For one, his 5% walk rate is a mirage and should improve. He racked up walk rates in the minors well into the double digits, and his solid 27% O-Swing% indicates he’s maintained most of those skills. He also has displayed some solid pop, hitting 19 HR with 11 SB in Triple-A to boot, signaling he could provide a handful of stolen bases. As for the pop, it’s at least moderate with a 9% Barrel% and a surprisingly decent 109 max eV. I also think the average should improve some as his 76% Contact% and 11% SwStr% are pretty close to league average. In short, you could certainly do worse with his current production, and if he improves on that, Youwinski.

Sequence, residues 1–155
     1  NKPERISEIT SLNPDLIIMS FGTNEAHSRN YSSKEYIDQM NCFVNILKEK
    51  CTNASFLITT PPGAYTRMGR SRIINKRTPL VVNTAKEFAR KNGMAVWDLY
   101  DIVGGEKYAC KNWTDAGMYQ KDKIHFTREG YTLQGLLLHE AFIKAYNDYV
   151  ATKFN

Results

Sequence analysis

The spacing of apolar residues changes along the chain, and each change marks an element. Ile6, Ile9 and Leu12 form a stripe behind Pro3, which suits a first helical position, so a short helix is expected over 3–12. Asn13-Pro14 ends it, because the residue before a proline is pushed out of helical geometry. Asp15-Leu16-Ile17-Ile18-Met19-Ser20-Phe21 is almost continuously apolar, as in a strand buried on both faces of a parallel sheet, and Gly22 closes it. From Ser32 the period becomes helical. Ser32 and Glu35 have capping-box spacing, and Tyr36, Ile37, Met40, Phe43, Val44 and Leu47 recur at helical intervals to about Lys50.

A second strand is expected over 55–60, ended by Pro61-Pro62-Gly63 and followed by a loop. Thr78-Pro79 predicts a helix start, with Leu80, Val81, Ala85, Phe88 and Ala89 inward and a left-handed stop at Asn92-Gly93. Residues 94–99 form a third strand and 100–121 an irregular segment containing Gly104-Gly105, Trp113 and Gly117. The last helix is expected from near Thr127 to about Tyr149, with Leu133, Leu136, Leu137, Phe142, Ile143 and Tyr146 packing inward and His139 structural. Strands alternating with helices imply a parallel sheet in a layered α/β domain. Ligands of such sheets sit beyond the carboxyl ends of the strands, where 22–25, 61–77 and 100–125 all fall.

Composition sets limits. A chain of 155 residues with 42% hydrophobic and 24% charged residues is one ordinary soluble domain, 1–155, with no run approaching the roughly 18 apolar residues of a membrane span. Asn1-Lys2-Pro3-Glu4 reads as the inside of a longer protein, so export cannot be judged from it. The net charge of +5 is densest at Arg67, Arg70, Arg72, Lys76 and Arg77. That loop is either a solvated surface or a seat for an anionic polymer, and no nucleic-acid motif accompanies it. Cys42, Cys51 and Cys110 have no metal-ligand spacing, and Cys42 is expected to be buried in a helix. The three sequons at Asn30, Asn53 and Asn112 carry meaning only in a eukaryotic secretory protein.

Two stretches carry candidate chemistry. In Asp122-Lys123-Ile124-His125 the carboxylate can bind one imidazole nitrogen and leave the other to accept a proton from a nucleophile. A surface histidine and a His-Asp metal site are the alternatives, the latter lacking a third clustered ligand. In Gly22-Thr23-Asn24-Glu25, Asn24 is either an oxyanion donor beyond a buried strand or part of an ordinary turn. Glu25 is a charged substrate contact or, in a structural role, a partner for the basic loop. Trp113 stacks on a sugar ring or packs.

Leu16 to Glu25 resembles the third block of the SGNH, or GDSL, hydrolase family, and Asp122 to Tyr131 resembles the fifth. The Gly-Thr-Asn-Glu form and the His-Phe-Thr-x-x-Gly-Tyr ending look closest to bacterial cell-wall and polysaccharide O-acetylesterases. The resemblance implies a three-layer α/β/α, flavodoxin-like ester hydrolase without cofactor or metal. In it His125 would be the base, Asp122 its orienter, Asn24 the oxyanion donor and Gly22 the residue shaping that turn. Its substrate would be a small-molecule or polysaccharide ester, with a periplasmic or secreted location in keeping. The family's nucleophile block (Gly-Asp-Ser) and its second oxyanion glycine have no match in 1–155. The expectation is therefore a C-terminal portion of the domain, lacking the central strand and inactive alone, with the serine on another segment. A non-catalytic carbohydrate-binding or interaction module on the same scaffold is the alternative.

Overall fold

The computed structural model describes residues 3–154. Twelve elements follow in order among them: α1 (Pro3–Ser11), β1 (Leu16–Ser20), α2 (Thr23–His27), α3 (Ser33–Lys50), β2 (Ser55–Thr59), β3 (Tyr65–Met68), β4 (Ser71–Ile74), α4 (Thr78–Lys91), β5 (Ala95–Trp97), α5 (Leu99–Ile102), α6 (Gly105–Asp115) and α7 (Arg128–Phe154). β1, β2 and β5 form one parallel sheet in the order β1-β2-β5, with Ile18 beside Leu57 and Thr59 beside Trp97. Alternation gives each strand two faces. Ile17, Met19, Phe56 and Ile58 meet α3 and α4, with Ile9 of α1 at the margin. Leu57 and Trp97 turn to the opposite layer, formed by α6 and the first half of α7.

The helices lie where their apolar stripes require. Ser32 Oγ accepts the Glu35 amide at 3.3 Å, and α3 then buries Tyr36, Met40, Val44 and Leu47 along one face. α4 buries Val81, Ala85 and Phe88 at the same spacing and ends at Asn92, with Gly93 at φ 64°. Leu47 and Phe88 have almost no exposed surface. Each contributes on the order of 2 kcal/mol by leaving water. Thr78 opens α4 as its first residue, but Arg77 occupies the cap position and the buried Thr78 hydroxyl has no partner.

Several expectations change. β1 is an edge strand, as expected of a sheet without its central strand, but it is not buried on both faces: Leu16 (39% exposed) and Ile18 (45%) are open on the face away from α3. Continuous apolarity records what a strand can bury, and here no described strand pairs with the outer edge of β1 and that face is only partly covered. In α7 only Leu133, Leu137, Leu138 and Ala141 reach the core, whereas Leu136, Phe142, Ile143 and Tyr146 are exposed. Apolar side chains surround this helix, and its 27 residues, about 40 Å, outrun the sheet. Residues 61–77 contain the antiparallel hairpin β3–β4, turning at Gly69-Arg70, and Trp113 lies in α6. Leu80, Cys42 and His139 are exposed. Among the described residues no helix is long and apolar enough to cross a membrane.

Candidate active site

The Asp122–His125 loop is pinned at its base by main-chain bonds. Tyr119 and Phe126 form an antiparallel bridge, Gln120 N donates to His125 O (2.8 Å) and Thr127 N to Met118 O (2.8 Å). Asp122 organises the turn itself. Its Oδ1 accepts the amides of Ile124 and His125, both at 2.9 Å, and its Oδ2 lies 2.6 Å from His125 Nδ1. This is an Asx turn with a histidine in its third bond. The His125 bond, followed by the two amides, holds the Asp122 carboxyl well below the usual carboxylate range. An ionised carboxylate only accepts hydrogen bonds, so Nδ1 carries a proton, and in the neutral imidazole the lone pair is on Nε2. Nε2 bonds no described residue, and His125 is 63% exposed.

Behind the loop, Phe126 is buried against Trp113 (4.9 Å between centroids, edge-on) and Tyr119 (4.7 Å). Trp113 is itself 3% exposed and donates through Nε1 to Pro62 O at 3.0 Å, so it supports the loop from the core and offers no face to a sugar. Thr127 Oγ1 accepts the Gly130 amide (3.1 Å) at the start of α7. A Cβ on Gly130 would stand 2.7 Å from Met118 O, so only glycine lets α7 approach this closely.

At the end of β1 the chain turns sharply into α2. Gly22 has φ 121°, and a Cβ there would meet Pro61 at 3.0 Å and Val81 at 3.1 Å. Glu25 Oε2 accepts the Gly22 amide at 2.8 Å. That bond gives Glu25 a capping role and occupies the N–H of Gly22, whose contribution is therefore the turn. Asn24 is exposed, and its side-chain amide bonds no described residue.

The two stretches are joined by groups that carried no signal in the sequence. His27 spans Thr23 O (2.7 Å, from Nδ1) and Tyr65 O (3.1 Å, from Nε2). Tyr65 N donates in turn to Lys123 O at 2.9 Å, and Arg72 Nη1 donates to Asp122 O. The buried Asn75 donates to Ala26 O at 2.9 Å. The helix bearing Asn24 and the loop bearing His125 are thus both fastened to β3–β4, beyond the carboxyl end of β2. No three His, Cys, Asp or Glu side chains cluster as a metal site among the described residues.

Kyle Garlick (OF, Minnesota Twins)

He doesn’t play every day, but in DFS leagues, Garlick will make you bread. I could probably end this here. When he faces lefties, he mashes, with a career-best 110 max eV, 15% Barrel%, and 57% HardHit%. While Larnach has the nicer surface numbers, I actually find Garlick the more intriguing bat as he’s basically been bizarro world Joc Pederson against lefties, with a Joc-esque .335 xBA and .794 xSLG in his small sample, which doesn’t mean much but supports the argument that he’s got something going.

While his contact rate isn’t so great at just 70%, I do like that he’s become more aggressive this year, swinging at strikes 77% of the time. Given his pop, we want him to swing, and his reduced looking strike rate leaves him with an above-average (and career-best) 26% CSW%. One could argue he should stay a lefty only masher because he’s hit just .152 against righties in 12 ABs this year, but that’s a hilariously small sample and he did pop a homer. While the lineup is full now, maybe at some point he’ll get a chance at regular reps at which I think he’ll be more than just a DFS play and becomes 18-team viable. In the meantime, why not make some Garlicky greens.